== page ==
During the 10-day period of electrical stimulation, BrdU (50 mg/kg) was injected (i.p.) in all animals once every other day. Twenty-four hours after the last injection, animals were perfused with 200 ml saline followed by 400 ml 4% paraformaldehyde in 0.1M PBS. Spinal cords were removed, post-fixed for two hours, and transferred to 20% sucrose at 4°C. Frozen transverse sections (40 μm) through C2, C8, T6 and L3 segments were cut.

Randomly selected sections from the above segments were rinsed 3 × 10 min in PBS. They were pretreated with 2N HCl to denature DNA (37°C; 45 min) and 2 × 15 min borate buffer (pH 8.5) to neutralize HCl. Following 60 min in 10% normal goat serum (NGS) and 0.1% triton X-100 in PBS, sections were incubated in rat anti-BrdU antibody (1:600; Serotec) in the same solution as above at 4°C for 48 h. After rinses in PBS, sections were incubated in 1:400 Cy3-goat anti rat IgG and 1:400 Cy2-streptavidin at room temperature for 2 hours. In double immunostaining, the following primary antibodies were mixed with BrdU antibody: rabbit anti-NG2 (1: 200; Chemicon); mouse anti-APC-CC1 (1: 200; Oncogene); rabbit anti-Nkx2.2 (1:100; DSHB); rabbit anti-GFAP (1:4; ImmunoStar); rabbit anti-Glut-1 (1:100, Chemicon). Alexa 488-goat anti-rabbit or goat anti-mouse IgG (1:200) was mixed with Cy3-goat anti rat IgG. Cy5-streptavidin (1:400) was added to label CST axons. Sections were mounted onto slides, partially dried, and coverslipped.

Cells were counted in the dCST in stimulated animals contralateral to PT stimulation and cortex tracer injection (experimental group) and the following three control dCST regions: 1) stimulated animals, ipsilateral to stimulation; 2) sham animals, contralateral dCST; and 3) sham animals, ipsilateral dCST. Average numbers of BrdU+ cells were compared using a two-way analysis of variance (ANOVA). The factors were dCST groups (i.e., experimental dCST region and 3 control regions; total n = 4) and selected spinal regions (C2, C8, T6, and L3) with repeated measures on the second factor. For analysis of double-labeled cells, counts from four different spinal segments were summed. The comparison was performed in contralateral dCST between stimulated and sham animals with a t-test.

BrdU+ cells were identified by the presence of Cy3 (red) in the nuclei. A double-labeled cell was identified as an Alexa 488+ (green) cytoplasm with a Cy3 stained BrdU+ nucleus. BDA+ axons were seen using Cy2 (green) or Cy5 (orange under microscope and blue in figures). Color images were taken with Slidebook 4.1 and processed using Adobe Photoshop.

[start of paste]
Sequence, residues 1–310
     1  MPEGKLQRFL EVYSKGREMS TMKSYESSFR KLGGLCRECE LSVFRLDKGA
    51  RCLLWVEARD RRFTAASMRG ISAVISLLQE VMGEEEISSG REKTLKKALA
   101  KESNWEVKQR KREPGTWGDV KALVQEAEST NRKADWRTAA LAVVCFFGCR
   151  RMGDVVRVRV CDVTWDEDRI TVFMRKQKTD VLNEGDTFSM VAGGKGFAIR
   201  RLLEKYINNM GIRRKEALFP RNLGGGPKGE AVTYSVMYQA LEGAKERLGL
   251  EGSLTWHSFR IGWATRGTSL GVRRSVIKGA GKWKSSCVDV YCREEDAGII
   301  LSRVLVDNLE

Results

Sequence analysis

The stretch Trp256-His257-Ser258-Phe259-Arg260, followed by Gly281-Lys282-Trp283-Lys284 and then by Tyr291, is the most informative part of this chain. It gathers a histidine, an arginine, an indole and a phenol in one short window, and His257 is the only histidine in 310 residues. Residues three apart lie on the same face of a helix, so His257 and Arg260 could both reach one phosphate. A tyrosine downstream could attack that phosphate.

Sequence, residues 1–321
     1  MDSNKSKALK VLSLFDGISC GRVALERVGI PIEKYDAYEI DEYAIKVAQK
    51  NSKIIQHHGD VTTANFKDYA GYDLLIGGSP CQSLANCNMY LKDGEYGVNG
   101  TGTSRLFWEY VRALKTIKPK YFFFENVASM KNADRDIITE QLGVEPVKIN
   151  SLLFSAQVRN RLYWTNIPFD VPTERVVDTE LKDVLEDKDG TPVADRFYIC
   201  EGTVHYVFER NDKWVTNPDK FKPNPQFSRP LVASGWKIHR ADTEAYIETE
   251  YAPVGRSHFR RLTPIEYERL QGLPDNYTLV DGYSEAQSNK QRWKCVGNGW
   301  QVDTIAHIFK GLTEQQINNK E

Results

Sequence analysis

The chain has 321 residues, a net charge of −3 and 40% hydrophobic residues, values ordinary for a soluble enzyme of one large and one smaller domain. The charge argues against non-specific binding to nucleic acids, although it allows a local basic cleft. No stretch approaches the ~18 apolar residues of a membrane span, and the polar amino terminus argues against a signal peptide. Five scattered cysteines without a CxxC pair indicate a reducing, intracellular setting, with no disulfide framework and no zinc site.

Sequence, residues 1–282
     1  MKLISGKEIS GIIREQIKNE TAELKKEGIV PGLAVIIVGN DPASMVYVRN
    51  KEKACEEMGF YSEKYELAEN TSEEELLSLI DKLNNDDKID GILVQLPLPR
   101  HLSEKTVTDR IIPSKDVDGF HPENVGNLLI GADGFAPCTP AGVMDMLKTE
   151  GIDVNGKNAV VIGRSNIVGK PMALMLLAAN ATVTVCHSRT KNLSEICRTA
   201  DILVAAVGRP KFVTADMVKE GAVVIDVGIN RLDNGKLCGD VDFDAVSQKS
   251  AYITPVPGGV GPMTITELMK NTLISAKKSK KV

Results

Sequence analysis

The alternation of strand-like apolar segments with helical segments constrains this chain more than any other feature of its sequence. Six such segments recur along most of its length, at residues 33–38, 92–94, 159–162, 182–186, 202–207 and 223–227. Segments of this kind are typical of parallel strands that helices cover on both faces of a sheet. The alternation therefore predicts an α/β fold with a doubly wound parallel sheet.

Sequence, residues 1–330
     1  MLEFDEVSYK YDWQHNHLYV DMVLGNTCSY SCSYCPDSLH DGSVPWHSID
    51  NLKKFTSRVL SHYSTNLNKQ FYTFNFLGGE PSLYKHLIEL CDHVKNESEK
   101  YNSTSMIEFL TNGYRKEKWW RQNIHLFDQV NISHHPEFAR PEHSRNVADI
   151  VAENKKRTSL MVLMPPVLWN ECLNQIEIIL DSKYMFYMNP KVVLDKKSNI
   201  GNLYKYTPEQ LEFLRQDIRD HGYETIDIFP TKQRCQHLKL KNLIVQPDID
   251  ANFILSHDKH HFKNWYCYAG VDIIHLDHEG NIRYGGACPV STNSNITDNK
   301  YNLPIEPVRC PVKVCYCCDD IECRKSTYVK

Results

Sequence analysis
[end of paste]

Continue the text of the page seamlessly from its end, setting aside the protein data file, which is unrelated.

In all rats, greater than 95% of BDA+ axons were in the contralateral dCST (Fig. 2A). Uncrossed CST axons were occasionally observed in ipsilateral dCST and ventral CST. Only BDA+ axons and BrdU+ cells in the dCST were investigated (Fig. 2A-G). Rats that underwent electrical stimulation had more than double the number of BrdU+ nuclei in contralateral (i.e., stimulated) than ipsilateral (unstimulated) dCST (contralateral v/s ipsilateral; C2: 1.92±0.37 v/s 0.88±0.24 per section; C8: 1.74±0.11 v/s 0.96±0.32 per section; T6: 2.2±0.46 v/s 0.92±0.29 per section; L3: 1.25±0.28 v/s 0.43±0.21 per section). In sham rats, there was less than half the number of BrdU+ nuclei than in the stimulated group dCST and, in contrast to the stimulated rats, no systematic differences existed between the two sides (contralateral v/s ipsilateral; C2: 0.92±0.21 v/s 0.5±0.1 per section; C8: 0.75±0.25 v/s 0.75±0.21/section; T6: 1±0.2 v/s 0.5±0.29 per section; and L3: 0.56±0.09 v/s 0.67±0.2 per section). Repeated measures ANOVA indicated a significant effect of group across the four spinal levels (C2, C8, T6, and L3) where BrdU+ cell counts were made. Post-hoc test confirmed that the number of BrdU+ cells was significantly greater in the stimulated dCST than in the three control dCSTs (F=32.5, p< 0.0001; Fig. 2H). There were no differences among control dCSTs (p > 0.05). These results show that PT stimulation selectively promotes cell birth in the stimulated dCST.

Fig 2
BDA+ CST axons (green) and BrdU+ nuclei (red) in electrically stimulated animals. A: Coronal spinal cord section. More than 95% BDA labeled CST axons project in the contralateral dCST. The red box indicates the micrographs in B and E. B: T6 section. C ...

We commonly found BrdU+ cells in close proximity to labeled dCST axons in the stimulated (Fig. 2B, C), but seldom in sham, animals. We estimated the number of BrdU+ cells in apposition to labeled contralateral dCST axons by counting the Cy3+ nuclei located within 5 μm (i.e., half the width of OPC cytoplasm) of a BDA+ axon. There was more than a three-fold higher percentage of BrdU+ cells apposing labeled dCST axons in stimulated animals than in shams (51.74±7.92 %; v/s 15.75±3.45 %, p< 0.01; Fig. 2I). In stimulated animals, a small number of ipsilateral CST axons projecting from this pyramid received the same electrical stimulation as the contralateral axons. Although these uncrossed axons were too sparse to study quantitatively, most of them apposed a BrdU+ cell (Fig. 2E-G). In sham animals, uncrossed dCST axons never apposed BrdU+ cells. These results strongly suggest that active CST axons promote cell birth in the dCST.